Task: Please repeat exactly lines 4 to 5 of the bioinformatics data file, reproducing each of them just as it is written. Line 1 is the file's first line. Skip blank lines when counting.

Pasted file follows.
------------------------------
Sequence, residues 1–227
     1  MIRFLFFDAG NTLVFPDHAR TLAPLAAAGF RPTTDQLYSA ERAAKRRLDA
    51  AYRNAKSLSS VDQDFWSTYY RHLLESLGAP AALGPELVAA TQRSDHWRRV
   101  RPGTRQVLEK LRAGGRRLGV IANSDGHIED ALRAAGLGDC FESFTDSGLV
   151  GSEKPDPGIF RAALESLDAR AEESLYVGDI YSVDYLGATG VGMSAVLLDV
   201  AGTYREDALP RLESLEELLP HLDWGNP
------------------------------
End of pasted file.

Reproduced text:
   101  RPGTRQVLEK LRAGGRRLGV IANSDGHIED ALRAAGLGDC FESFTDSGLV
   151  GSEKPDPGIF RAALESLDAR AEESLYVGDI YSVDYLGATG VGMSAVLLDV